Where were you the day Google turned against its users?
If you were lucky, you were sleeping in. It happened Saturday, Jan. 31 at 6:30 a.m. in Mountain View, Calif., 9:30 a.m. in New York, 4:30 p.m. in Jerusalem, 8 p.m. in Delhi, and 10:30 p.m. in Beijing. Checking my own Google Web History, I entered my first query of the morning at 10:27 a.m. EST (looking up driving directions for a wedding that night), two minutes after the last of Google's users encountered a problem.
It wasn't a full-day breakdown; it was 40 minutes rolled out during an hour-long window. During that time, any Google search triggered the warning "This site may harm your computer" for every result. That day, five of the top 25 listings in Google Hot Trends were related to the glitch, including numbers one and three.
So what did we learn from this? Google needs to learn the most; it provides little value for its users and advertisers when it scares everyone away from surfing the Web. What about the rest of us though? Here are a few thoughts:
Google is Global
There are few unifying global forces with greater appeal than Google. ComScore reports that in December 2008, Google sites reached 77% of the world's online audience, or 776 million people. The day's not far off when there will be more Googlers than there will be Indians or Chinese. To that point, if there's a catastrophe in Delhi, it might take time for the effects to ripple out to the eastern state of Assam, but when there's a catastrophe in Mountain View, the whole world can feel the impact at once.
While in Israel seven years ago, I experienced New Year's Eve as a meaningful event for the first time. Israelis in their 20s told me that it was their favorite holiday of the year -- not the national Independence Day or the festive Jewish holiday of Purim -- because it was the one day they were celebrating with everyone else around the world. Google has that similar way of crossing boundaries. Now, I may be searching for the text of President Obama's inauguration address and someone else may be entering the query "death to America" (mercifully, a phrase with scant activity in Google Trends ), but at least we can have some common ground.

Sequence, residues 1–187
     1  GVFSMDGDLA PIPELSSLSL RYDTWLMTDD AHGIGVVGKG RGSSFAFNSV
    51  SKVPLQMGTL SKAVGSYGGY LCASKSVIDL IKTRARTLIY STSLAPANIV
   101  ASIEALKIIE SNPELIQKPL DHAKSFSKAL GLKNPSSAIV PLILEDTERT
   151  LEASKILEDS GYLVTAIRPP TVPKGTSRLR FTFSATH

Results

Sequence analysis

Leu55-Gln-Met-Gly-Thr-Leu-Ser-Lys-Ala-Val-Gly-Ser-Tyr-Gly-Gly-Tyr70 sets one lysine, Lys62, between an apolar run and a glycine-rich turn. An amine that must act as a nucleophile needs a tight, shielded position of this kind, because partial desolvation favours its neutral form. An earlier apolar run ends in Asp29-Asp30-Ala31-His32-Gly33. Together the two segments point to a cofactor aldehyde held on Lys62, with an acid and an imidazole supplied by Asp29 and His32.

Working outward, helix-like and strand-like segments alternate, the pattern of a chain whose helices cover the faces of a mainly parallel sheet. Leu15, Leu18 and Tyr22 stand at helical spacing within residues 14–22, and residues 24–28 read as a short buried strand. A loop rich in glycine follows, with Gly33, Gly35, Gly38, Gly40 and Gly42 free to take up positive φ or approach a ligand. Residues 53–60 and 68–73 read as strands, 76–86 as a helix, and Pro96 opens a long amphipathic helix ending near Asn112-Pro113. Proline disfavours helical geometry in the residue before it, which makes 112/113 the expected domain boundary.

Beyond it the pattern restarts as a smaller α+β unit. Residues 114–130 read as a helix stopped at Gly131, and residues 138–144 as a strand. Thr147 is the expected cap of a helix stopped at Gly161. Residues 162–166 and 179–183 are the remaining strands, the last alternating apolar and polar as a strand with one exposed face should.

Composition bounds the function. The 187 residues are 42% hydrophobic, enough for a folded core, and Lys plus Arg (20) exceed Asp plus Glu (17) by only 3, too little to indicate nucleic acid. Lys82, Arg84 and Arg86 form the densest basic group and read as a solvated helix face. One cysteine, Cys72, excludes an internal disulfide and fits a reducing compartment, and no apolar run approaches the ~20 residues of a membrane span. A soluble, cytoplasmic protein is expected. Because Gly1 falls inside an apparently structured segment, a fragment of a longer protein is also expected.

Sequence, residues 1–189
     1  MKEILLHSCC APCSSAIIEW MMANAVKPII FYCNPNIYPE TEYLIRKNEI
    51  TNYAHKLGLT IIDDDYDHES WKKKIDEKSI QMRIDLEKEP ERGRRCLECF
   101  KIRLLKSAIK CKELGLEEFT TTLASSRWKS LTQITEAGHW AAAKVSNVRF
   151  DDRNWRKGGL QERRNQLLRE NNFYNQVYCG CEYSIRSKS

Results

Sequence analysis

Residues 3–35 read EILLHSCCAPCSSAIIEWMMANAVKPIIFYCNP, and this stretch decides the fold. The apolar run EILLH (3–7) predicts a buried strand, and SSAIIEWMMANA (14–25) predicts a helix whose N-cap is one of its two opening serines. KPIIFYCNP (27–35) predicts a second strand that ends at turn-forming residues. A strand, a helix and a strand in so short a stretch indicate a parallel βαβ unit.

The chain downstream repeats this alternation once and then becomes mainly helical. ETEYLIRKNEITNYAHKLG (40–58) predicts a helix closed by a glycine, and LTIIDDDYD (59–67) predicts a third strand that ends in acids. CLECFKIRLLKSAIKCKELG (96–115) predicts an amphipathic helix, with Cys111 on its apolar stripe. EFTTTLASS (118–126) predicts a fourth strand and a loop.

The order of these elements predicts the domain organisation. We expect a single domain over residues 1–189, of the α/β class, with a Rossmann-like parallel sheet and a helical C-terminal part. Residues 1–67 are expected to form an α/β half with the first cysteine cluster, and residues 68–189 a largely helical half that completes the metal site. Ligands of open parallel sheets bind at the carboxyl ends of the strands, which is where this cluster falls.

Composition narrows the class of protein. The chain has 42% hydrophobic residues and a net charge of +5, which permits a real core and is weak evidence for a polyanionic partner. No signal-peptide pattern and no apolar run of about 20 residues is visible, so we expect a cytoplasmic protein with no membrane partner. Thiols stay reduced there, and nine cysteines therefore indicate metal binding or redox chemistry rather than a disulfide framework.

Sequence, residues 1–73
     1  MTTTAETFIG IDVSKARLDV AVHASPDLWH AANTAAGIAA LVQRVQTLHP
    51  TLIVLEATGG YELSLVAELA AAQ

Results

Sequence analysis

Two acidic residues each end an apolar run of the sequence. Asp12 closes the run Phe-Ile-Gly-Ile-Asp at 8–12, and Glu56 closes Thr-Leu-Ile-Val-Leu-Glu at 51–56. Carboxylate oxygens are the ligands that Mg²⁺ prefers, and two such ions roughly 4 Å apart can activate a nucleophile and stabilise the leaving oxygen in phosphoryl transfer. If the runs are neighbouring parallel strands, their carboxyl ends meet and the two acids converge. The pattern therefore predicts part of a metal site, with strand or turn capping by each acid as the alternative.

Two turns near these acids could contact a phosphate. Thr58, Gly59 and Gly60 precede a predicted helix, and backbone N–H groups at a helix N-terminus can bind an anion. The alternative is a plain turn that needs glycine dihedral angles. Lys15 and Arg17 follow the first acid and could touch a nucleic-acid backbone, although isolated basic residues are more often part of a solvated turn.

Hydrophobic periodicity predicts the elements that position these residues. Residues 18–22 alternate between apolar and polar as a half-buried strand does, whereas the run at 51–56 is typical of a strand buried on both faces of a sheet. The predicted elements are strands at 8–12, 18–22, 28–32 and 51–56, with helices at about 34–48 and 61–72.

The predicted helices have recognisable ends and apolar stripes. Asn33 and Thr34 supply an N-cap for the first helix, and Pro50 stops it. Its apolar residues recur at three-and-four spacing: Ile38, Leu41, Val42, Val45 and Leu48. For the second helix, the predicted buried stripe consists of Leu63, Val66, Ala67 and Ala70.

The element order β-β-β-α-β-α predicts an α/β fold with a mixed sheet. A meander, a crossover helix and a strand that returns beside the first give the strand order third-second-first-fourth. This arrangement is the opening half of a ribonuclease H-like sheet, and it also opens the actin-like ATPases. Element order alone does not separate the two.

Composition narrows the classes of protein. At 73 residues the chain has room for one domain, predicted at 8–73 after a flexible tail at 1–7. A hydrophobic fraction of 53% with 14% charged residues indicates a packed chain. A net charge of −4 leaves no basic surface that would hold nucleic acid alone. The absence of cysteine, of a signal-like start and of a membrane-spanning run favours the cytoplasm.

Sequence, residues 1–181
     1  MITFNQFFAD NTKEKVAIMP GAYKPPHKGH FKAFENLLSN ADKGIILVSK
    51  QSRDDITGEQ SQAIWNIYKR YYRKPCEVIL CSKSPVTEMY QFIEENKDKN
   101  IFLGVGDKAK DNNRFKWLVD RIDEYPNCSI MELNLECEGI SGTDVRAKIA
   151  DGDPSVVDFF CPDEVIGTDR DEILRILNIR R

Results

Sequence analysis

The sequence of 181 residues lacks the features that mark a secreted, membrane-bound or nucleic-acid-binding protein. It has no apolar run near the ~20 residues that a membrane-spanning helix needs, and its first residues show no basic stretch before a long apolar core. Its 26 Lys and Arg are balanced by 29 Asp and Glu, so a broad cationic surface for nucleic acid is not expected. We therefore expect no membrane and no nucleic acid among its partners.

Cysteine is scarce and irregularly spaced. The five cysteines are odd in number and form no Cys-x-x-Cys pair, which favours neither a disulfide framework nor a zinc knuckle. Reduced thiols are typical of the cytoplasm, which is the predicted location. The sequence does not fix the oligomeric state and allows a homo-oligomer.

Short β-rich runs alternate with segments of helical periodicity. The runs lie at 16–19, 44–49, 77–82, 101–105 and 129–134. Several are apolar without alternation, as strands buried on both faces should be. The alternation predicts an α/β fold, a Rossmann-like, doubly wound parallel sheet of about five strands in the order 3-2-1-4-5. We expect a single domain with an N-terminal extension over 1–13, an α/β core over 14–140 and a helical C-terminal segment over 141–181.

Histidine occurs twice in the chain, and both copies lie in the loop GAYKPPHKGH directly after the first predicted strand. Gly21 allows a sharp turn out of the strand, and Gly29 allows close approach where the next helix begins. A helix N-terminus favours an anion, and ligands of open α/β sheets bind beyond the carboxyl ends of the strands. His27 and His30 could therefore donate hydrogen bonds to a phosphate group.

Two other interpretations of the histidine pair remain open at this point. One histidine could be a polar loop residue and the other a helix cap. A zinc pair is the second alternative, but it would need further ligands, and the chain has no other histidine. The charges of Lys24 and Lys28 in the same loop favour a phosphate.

We Need Options
A telling comment came from the user "someguy" on Silicon Alley Insider. He wrote, "I was using Google at that time and it happened to me! I was very confused, but gave up and tried again later and everything was fine. You know, the odd question is: Why didn't I just try to use another search engine?"
Why didn't you, someguy? It's probably because you're fairly typical, at least as far as U.S. Internet users go. Check out Compete's 2008 trends for Exhibit A, slide 5 in particular. Google's users are two and a half times as loyal as Yahoo's, and they're about five times as loyal as the users of Live Search, Ask.com, and AOL. When Google's on the fritz, it's like when your favorite TV news network suffers an outage when they're airing the weather. Sure, you could check out 10 other networks, but enough people will probably think, "Ehh, I'll look out the window."
It's in everyone's best interests, except perhaps Google's, to have robust competition among search engines in every country. This is more of a prayer than an action item; I don't want to start giving out alms to needy engines, nor would I lobby for a search engine bailout. But I hope that just as Google weathered the dot-com bust nearly a decade ago to emerge as one of the world's most heralded businesses, this economic downturn will reignite search competition. Even that may not be enough in the short term to encourage consumers to consider alternatives.
How Bad Was This?
In Google Blog Search, there were 5,523 references to "this site may harm your computer" and "Google" from Saturday through Monday afternoon, when this column was being written. Combining that search with other terms, 2,189 included "error" (40%), 1,022 included "glitch," 430 included "bug," 88 included "meltdown," 27 included "blunder," 8 included "tragedy," and 5 included "catastrophe." As a control, 7 included "ice cream" and none included "emu" (as for the former, Google also scans other content on the page such as article roundups and comments, so some false positives tend to appear).
This column's headline and lede aside, the coverage of what happened was largely free of melodrama. It was an error, glitch, or a bug that could happen to anyone, and this time it happened
In Google We Trust
We continually trust that Google will bring us safely to our destinations and keep our computers free from harm. When Google tells us it's protecting us, our first instinct is to believe it. That's why it's so frightening for all other publishers to have Google label their sites as harmful.
Google can afford a few glitches. The danger is if it cries wolf too often, then all of its warnings will be for naught, and the erosion of trust will extend far beyond Google.
That would be a catastrophe, but that hasn't happened. This was just a glitch.